It was just after seven when Kallis rang the doorbell of her friend Mel’s flat. Melanie flung the door open.
‘Kal! Mate, how are you?’ Melanie was pleased to see her old friend.
‘I’m fine, Mel, how are you? You look well.’
‘Thanks. So do you, but WHAT are you wearing?’
Kallis looked down at herself ruefully. ‘I’ve lost my bag with all my clothes and makeup in. I was hoping I might be able to borrow something of yours?’
‘Course you can. Come on in’.
Melanie led Kallis through into her flat. Melanie was taller than Kallis (who wasn’t?) and had long brown hair which she usually wore piled artfully on top of her head. Tonight it was held up with a large pink rose.
‘So, what are you doing back in Newport? I wasn’t expecting to see you for a while. I saw your Mum last week; she said you were going to the festival this year.’
‘Yes, I WAS there. It was brilliant. I met this great guy called Dave…’
‘Ooh, Kal, do tell!’
‘No, no, it’s nothing like that; he’s just an interesting guy to be friends with. Anyway, after the festival was over we went up the Tor and I drank SOMETHING of his. It must have been a drug of some kind but, wow, Mel, the trip it gave me! And literally it WAS a trip; I ended up here, at Mum’s house in my old room and no memory that made any sense of how I got there.’ Kallis went on to tell her open-mouthed friend all that she remembered.
‘Bloody hell, Kal, what are you like?! Anyway, this bloke Dave must have panicked when he found that you had drunk his drink and you were passed out and hallucinating and brought you here and dumped you at your Mum’s. He MUST have, Kal, you don’t just magically wake up somewhere else miles from where you went to sleep. You just don’t. I KNOW you are into all this new-age weirdo stuff but – honestly. Honestly.’ Melanie was shaking her head in disbelief.
‘He didn’t know where Mum’s house was. He couldn’t have. I DID tell him she was in Newport, but it’s a big place!’ Kallis was adamant.
‘Kal, listen mate, he probably went through your stuff. Did you have an address book on you or anything?’
Kallis was nodding thoughtfully.
‘And a key to your Mum’s place?’ Melanie asked.
‘Yes, it was in my pocket.’
‘Well, there you are then. AND he’s still got your bag, presumably.’
‘Well, I don’t know. I don’t know where my bag is but there’s nothing of value in it, just my dirty undies and some t-shirts. My money and credit cards are in my wallet and that was still in my back pocket, thank goodness.’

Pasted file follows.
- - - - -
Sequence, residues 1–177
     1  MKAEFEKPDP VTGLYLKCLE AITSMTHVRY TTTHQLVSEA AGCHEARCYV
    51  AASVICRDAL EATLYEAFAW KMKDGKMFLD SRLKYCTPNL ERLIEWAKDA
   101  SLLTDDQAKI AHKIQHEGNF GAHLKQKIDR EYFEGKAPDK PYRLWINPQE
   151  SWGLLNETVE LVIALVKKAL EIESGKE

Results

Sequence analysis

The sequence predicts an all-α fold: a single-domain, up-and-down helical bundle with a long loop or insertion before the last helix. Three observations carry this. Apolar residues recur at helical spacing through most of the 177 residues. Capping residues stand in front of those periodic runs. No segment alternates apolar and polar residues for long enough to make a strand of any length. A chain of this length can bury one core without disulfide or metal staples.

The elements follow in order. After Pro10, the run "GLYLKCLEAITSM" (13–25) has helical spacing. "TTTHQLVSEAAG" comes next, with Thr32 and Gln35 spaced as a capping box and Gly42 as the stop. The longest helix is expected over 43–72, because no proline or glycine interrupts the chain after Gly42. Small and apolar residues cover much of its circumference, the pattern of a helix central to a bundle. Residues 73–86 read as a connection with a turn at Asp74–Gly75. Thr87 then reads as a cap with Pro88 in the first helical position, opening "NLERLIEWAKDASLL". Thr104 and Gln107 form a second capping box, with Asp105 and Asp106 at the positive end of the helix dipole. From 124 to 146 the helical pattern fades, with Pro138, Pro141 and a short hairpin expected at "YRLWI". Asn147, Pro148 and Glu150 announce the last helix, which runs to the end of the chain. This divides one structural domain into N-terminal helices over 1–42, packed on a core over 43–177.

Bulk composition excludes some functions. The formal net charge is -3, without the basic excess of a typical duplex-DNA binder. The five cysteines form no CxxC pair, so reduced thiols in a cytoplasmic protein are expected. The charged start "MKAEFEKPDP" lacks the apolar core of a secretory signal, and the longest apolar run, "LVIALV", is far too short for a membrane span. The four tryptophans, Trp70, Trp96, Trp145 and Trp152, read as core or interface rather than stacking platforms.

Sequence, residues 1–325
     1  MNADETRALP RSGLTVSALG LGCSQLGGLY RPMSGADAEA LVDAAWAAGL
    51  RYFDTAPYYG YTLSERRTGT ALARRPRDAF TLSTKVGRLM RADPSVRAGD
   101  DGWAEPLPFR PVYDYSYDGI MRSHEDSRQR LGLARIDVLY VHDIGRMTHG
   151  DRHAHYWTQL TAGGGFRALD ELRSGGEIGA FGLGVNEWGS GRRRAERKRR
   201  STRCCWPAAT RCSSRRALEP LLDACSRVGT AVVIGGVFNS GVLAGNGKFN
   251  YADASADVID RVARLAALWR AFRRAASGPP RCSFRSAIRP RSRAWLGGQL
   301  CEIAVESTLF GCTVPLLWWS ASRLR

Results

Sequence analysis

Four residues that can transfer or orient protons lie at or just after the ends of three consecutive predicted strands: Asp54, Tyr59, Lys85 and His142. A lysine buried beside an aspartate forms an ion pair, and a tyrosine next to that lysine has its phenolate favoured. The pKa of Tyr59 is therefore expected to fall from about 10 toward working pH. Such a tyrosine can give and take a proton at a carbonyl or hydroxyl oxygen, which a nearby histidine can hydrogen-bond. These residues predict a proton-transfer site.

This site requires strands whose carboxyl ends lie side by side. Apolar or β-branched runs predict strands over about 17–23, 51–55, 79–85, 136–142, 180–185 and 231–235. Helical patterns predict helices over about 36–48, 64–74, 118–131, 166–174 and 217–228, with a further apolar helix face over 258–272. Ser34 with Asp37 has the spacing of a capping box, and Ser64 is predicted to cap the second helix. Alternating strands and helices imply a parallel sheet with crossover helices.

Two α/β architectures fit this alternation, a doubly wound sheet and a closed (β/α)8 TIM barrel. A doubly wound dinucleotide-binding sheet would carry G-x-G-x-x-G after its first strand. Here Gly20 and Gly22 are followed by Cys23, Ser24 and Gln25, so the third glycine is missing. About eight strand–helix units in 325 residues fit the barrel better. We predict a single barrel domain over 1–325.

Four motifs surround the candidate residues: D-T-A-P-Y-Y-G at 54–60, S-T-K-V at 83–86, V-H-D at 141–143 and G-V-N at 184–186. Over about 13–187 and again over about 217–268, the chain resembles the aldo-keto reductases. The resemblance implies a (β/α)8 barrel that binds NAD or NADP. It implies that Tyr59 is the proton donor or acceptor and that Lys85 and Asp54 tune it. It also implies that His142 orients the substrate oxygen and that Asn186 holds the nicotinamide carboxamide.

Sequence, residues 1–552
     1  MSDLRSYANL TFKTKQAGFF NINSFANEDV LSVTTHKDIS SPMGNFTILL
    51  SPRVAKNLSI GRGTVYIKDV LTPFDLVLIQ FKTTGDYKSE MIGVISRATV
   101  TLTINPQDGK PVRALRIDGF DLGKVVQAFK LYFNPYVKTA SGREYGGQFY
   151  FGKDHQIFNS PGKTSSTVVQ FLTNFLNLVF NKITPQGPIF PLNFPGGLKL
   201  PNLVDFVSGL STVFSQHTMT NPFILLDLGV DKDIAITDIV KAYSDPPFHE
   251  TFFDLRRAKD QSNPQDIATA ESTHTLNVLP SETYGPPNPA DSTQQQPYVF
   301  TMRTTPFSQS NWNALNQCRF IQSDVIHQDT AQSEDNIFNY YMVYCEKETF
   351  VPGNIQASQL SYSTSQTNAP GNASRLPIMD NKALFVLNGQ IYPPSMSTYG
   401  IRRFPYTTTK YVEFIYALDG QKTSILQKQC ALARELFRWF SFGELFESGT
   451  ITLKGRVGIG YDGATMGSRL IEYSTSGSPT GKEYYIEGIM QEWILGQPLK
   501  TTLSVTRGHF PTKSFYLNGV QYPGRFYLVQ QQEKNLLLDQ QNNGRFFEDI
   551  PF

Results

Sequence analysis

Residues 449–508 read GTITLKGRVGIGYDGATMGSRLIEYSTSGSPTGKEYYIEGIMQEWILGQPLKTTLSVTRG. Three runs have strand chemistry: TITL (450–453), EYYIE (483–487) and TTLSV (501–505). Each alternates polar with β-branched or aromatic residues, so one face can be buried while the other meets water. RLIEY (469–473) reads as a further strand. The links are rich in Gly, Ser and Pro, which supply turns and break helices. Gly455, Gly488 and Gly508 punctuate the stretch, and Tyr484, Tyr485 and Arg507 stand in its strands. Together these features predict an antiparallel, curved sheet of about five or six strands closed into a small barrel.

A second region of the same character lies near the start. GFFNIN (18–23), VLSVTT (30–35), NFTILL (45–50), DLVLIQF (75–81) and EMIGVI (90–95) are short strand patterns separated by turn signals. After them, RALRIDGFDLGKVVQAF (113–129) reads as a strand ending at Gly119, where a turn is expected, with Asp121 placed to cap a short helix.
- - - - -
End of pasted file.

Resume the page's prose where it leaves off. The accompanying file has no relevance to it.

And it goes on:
‘Look, come on through and let’s have something to eat. I did my pasta special’.
Kallis laughed. Mel only EVER cooked pasta and added one of those ready made sauces.
Melanie looked at Kallis. She had been delighted to hear from her old friend but WHAT a strange story. Thus it always was with Kallis; she always had to be different. Why can’t she just lead a NORMAL life, thought Melanie, rolling her eyes. Then we could gossip about men and shopping and clothes and shoes like NORMAL girlfriends do…Still, Melanie had her friends in Newport for that. And Kallis was a loyal and kind friend who had been there for her when Melanie’s long-time boyfriend had dumped her and gone off with the new Pilates instructor at the gym. Kallis had taken a week off work and arrived with chocolates, wine and a large box of tissues on Melanie’s doorstep to pick up the pieces and wipe away the tears. By the end of the week, Melanie had felt a whole lot better and, with encouragement and match-making courtesy of Kallis, already had a date lined up with the cute new guy who worked in the estate agents over the road.
The girls sat down at the table in Melanie’s tiny living room. Melanie disappeared into the kitchen area and came back with a steaming pot of the pasta. She opened a bottle of red wine and the girls started to eat.
Kallis sipped her wine thoughtfully.